are passing by. the nights are drawing in. in certain ways, it is feeling a bit autumnal. but as far as the weather goes, there is still some warmth in the forecast for the next few days, especially across the south of the uk. further north, a little bit of rain, not an awful lot, but it will be windy and briefly a bit cooler. 0n the earlier satellite picture, you can see a lot of cloud piling in from the west, but much of this is just wispy, high cloud turning the sunshine quite hazy through the rest of the day. northern ireland and western scotland will see thicker cloud. the odd spot of rain in the western highlands. pretty windy in the far north as well. those are the steady wind speeds, the average wind speeds. the gusts could get to around 50 mph in exposed places in the far north. but temperatures in eastern scotland, up to 21 or 22 celsius. similar values in parts of wales, central and southern england. through this evening and tonight, we will keep this cloud filtering in across parts of scotland, northern ireland, some rain into the far north—west, stays windy here as well. but further south, where we keep clear skies, it will actually be
quite a chilly night with lows of seven, eight or nine celsius, and just the odd mist patch to take us into tomorrow morning. for england and wales tomorrow, we can expect some sunny spells, but a bit more cloud than we have had today, and the odd spot of drizzle for north west england. quite windy for north east england, and certainly quite a blustery day for northern ireland and scotland where we will have this band of cloud and patchy rain sinking southwards. brighter skies and a few showers into the far north where it will be turning quite a lot cooler. further south, highs of 22 celsius. through wednesday night into thursday, this first frontal system sinks southwards and weakens. not much more than a band of cloud, but we will see an area of low pressure, a frontal system passing close to the north of scotland, some rain, some brisk winds, and briefly this tongue of cold air working in across the far north. so we will keep cloud and some patchy rain across the northern half of the uk on thursday. further south, some spells of sunshine, but whereas we will see temperatures of 22 celsius in london, 21 in norwich, aberdeen will only get to 14, and in lerwick, a high ofjust 11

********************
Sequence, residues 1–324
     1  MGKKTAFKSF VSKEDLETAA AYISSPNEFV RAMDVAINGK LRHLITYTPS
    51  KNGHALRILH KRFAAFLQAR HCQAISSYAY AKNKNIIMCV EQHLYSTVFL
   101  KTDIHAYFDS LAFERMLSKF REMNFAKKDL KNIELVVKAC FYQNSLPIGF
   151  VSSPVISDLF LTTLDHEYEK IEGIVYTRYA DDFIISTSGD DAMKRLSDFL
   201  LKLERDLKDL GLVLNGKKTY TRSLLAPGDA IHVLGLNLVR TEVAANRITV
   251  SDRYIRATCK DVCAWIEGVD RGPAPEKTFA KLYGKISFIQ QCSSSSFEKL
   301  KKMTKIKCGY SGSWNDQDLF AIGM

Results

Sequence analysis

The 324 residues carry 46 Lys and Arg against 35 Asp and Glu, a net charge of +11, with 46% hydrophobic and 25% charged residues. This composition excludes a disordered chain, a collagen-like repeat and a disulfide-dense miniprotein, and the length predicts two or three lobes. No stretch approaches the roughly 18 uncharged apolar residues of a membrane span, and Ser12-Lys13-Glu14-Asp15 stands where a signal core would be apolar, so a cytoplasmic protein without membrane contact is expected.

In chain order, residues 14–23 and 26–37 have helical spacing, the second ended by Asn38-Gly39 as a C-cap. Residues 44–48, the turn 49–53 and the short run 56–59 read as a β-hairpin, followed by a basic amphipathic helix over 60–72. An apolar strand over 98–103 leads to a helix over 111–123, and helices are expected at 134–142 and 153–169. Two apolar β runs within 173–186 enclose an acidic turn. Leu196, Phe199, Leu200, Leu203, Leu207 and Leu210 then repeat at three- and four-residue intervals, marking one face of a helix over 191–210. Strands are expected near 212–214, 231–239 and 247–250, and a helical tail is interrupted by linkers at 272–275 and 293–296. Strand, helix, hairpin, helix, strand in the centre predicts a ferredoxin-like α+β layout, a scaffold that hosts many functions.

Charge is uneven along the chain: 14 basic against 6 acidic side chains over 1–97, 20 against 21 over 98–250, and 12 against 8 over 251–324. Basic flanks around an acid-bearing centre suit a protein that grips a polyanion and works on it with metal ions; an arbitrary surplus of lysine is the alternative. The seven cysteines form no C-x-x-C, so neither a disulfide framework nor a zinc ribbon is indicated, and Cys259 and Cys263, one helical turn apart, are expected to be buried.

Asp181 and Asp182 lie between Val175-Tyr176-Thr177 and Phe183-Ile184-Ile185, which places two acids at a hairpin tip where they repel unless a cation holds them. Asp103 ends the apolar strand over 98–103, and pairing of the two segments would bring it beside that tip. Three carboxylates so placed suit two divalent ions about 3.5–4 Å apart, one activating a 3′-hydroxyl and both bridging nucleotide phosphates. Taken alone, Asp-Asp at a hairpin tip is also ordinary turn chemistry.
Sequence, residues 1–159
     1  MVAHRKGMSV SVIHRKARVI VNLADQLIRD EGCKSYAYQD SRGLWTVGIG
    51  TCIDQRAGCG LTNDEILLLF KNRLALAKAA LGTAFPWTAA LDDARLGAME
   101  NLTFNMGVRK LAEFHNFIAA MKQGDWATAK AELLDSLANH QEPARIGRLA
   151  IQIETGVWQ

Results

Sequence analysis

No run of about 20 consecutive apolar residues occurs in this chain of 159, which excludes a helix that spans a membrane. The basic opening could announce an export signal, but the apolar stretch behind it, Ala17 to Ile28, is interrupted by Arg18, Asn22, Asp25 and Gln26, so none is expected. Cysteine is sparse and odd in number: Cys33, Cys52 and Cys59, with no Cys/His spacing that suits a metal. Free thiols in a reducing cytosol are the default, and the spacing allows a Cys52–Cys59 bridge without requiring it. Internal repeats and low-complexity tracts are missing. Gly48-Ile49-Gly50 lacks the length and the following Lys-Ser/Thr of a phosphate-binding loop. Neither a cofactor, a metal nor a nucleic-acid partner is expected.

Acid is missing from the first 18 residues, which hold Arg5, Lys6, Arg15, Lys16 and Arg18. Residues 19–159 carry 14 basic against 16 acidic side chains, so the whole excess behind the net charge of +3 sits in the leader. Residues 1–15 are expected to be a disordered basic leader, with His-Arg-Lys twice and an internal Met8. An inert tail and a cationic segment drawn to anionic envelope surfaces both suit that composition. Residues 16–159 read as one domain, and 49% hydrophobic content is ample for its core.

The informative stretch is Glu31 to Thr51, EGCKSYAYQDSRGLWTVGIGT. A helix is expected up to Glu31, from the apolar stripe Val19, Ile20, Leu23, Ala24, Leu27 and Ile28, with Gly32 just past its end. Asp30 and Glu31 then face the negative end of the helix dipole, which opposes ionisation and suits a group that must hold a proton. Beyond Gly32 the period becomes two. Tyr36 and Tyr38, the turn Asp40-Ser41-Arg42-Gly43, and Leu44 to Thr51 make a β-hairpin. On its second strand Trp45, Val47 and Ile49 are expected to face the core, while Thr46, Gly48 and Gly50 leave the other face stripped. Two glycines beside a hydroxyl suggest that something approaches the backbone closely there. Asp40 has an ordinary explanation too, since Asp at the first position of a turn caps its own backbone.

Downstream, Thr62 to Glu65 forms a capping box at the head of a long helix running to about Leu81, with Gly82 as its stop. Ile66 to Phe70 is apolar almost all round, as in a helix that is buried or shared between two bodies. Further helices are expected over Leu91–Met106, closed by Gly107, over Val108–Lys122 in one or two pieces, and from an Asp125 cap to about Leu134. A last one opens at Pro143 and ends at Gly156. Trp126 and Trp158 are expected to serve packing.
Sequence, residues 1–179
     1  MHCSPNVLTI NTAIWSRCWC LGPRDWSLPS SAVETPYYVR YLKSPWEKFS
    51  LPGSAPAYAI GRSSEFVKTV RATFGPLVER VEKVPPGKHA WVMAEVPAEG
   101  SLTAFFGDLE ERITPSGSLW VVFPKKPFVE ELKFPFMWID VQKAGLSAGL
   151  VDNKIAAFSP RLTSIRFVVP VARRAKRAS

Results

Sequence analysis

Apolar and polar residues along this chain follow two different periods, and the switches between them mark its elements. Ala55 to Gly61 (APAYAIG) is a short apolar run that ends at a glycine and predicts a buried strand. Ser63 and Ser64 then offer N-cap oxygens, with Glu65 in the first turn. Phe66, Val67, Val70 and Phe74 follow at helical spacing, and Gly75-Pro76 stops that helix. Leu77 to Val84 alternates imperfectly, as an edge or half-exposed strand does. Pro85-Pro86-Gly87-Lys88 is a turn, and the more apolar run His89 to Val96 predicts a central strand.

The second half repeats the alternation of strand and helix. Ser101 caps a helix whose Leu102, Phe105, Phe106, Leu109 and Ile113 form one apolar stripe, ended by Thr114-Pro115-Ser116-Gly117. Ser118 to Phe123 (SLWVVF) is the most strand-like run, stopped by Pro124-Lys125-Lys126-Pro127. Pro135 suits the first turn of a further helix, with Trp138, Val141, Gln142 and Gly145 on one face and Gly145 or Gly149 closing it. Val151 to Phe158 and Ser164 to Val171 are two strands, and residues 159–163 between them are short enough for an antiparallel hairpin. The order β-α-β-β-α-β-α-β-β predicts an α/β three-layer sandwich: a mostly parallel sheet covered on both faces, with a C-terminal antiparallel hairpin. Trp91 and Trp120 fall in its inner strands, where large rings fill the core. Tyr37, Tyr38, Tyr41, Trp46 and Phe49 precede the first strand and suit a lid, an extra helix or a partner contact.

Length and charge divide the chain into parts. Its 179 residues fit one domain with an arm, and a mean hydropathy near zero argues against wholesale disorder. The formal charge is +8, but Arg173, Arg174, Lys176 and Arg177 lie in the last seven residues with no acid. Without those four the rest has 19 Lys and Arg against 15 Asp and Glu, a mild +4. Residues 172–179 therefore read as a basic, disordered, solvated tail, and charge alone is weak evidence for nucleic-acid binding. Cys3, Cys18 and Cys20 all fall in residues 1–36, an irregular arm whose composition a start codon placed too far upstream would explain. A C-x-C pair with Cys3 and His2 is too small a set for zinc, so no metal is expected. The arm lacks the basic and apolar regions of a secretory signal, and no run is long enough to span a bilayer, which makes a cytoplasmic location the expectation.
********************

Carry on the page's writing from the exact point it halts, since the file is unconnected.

celsius. but that brief chilly spell will not last long, because as we head into the weekend, the winds will start to come up from the south, and that will feed some warmer air across pretty much all parts of the uk. a lot of dry weather, just the odd spot of rain at times, but temperatures in the high teens or low 20s.
this is bbc news. the headlines. the prime minister moves to reassure shoppers after warnings they could face shortages of some foods within days, because of the drop in carbon dioxide supplies linked to the gas supply crisis. 0bviously we're talking to the energy companies, doing what we can to keep prices low, keep the — and to make sure that the supermarket shelves aren't empty. ahead of borisjohnson�*s meeting with president biden later, the prime minister says relations with the us are the best they've been for a very long time. a third man faces charges over the salisbury poisonings: the home secretary pledges �*robust action�* against the russian intelligence hit squad that tried to kill sergei skripal and his daughter.